Protea Caffra (sugarbush) By NJR ZA
The basic objectives of the nature reserve are to conserve the natural environment ensuring that plant and animal species diversity is maintained and provide open-air outside recreation, environmental education and research opportunities.
Geology, Animals and Plants
The lay of the land
The reserve consists of the Ventersdorp and Witwatersrand geological systems. The Ventersdorp System which is characterized by steep, notched mountain sides and flat plains, occupies approximately 70% of the reserve's surface, and is volcanic in origin. Volcanic soils are more fertile in general, with the result that the Ventersdorp System offers better grazing than the Witwatersrand system.
The Witwatersrand system is mainly sedimentary sandstone deposited in horizontal layers. Proteas are mainly to be found in this system.
Suikerbosrand Nature Reserve is situated in the grassland biome and two grassland types occur on the reserve — Moist Cool Grassland and Rocky Highveld Grassland. Elements of densely bushed southern slopes and ravines are also found on the reserve.
Melinus grasses - By Carol Knoll, Friends Of Suikerbosrand
The most common species found on the reserve are:
White stinkwood (Celtis africana), Highveld cabbage tree (Cussonia paniculata), ouhout (Leucosidea sericea), sweet thorn (Acacia karroo), the Highveld protea (Protea caffra), and the common guarrie (Euclea undulata).
Look out for the following:
Agapanthus (Agapanthus campanulatus), Mountain aloe (Aloe marlothii), Disseldoring (Berkeya seminivea), Wild sweet pea (Sphenostylis angustifolia), Ploegbreker (Erythrina zeyheri), Orange River Lilly (Crinum bulbispernum), Large witchweed (Striga elegans).
Grasses belong to the family Poaceae which is the largest family (most species), and the most abundant on the reserve. The most important staple food plants belong to this family (maize meal, sorghum, sugar cane, etc). They also have flowers but these are less conspicuous because wind is the pollen dispersal agent and not insects or any other animal. Colour for attraction is therefore not important. Grasses provide the important grazing for livestock on all extensive cattle and sheep farms.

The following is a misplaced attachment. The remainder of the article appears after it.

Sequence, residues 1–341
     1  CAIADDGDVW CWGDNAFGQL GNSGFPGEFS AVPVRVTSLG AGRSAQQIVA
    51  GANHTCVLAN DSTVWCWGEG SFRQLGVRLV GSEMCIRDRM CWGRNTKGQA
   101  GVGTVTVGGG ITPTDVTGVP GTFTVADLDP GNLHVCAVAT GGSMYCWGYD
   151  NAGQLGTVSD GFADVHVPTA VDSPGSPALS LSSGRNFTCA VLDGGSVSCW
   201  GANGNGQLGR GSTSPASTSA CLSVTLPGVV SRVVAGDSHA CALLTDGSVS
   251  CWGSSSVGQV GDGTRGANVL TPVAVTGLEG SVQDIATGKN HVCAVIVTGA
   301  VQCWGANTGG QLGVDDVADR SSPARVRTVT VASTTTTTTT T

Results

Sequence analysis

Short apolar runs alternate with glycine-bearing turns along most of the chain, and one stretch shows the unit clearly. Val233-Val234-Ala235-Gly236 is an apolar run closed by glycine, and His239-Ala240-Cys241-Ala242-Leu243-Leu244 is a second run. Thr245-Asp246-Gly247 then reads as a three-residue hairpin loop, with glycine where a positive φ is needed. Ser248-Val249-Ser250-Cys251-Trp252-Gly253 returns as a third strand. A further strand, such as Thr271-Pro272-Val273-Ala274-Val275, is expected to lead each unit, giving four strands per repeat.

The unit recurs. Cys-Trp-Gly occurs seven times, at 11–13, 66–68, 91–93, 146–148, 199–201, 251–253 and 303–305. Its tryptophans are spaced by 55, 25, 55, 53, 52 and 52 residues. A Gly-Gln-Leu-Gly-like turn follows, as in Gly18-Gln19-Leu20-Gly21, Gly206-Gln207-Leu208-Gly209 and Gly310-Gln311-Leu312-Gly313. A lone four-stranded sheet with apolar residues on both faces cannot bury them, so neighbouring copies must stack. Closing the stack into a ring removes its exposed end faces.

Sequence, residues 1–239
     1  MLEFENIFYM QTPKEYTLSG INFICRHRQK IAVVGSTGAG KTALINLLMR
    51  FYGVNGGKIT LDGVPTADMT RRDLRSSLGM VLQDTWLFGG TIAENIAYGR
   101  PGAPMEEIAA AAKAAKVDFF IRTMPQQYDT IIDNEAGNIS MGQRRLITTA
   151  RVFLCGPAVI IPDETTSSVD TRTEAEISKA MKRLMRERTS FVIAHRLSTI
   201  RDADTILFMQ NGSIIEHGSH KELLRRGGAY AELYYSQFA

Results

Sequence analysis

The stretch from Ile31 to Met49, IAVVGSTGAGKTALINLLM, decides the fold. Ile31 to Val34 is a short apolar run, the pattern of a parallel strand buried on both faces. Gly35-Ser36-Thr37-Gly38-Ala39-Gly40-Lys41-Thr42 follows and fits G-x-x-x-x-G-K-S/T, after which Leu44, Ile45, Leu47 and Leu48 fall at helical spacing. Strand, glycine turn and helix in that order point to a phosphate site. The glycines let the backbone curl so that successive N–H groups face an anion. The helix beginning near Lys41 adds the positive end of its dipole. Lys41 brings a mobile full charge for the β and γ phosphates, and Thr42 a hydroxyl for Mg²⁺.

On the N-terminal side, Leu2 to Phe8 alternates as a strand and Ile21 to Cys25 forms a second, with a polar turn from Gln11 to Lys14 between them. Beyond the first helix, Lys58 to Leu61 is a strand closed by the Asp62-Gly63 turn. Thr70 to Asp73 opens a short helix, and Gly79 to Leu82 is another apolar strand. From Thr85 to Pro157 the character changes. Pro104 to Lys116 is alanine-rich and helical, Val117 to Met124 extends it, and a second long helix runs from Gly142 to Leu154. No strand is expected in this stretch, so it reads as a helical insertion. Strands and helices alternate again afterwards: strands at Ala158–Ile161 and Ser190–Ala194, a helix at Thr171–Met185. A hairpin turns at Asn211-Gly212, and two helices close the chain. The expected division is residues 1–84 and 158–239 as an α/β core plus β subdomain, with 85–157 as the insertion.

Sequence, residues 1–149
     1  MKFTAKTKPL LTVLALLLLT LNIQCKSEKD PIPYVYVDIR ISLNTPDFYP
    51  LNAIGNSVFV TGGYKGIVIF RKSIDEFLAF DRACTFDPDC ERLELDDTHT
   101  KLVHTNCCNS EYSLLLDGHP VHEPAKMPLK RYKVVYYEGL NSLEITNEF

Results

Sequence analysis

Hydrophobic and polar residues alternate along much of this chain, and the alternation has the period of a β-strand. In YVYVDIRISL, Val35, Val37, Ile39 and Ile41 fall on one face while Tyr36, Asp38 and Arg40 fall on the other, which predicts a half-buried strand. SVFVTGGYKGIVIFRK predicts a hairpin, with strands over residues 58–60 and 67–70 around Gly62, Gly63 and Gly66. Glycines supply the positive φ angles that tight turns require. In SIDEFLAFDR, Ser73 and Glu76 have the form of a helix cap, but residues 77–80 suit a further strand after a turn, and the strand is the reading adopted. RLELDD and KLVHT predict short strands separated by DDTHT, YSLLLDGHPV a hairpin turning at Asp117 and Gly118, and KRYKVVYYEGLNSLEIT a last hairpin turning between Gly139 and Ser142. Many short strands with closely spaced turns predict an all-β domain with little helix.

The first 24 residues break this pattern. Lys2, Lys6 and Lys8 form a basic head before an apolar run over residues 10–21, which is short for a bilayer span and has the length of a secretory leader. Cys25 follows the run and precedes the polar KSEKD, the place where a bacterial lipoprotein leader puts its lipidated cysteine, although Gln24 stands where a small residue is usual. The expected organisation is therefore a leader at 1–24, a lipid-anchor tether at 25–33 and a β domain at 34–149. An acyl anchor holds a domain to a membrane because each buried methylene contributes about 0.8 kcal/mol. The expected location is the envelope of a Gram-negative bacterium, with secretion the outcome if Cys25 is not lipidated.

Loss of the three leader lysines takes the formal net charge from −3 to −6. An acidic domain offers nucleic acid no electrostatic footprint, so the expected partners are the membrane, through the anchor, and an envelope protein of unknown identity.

It is important to conserve the diversity of grass species on the reserve because it is this diversity that provides for the resilience of grass veld to recover after mismanagement like overgrazing and serious droughts. The reserve also acts as a seedbank for seed dispersal to adjacent transformed land.
All animal species typical to the Highveld can be found on the Suikerbosrand Nature Reserve.
Black backed jackal
The most common mammals found on the reserve are:
Eland, kudu, red hartebeest, zebra, black wildebeest, blesbuck, oribi, black-backed jackal, baboon, porcupine, springbuck, reedbuck, grey rhebuck, mountain reedbuck, common duiker, steenbok, aardwolf, silver fox, mongoose, genet and aardvark.
Look out for the following:
Leopard or mountain tortoise, cape or hingeless terrapin, guttural toad, raucous toad, common river frog, and snakes (venomous and non-venomous).
Although Suikerbosrand lies in the Highveld, thick bushveld covers sections of the reserve. Several habitat types are therefore found on the reserve, leading to an exceptionally large variety of birds — more than 200 species have been identified.
Orange breasted waxbill By Derek Keats
The dam near the entrance gate is the ideal habitat for water birds and each summer migrating birds from all over the world flock to the dam. Popular species such as Egyptian geese, dabchick, and red-knobbed coot can be seen.
Birds of prey
A wide variety of raptors such as the secretary bird, lanner falcon, black-shouldered kite and black eagle can be found on Suikerbosrand. These birds are well established on the reserve and breed here annually. Other raptors, such as the African hawk eagle, martial eagle, black-breasted snake eagle, black sparrow hawk, black harrier, osprey, rock kestrel and greater kestrel are seasonal visitors. Vultures can occasionally be observed. Buzzards can often be seen soaring high in the sky, but has not been recorded on the reserve.
Other species include greywing francolin, redwing francolin, guinea-fowl, dikkop, mourning dove, Namaqua dove, barn owl, grass owl, marsh owl, spotted eagle owl, freckled nightjar, ground woodpecker, seven different types of larks, Cape rock thrush, mountain chat, mocking chat, ant-eating chat, grassbird, shaft-tailed whydah and several types of apalis, cisticolas, finches and weavers. Migrating birds such as common quail, thrush, button quail, blacksmith plover and wattled plover are often spotted.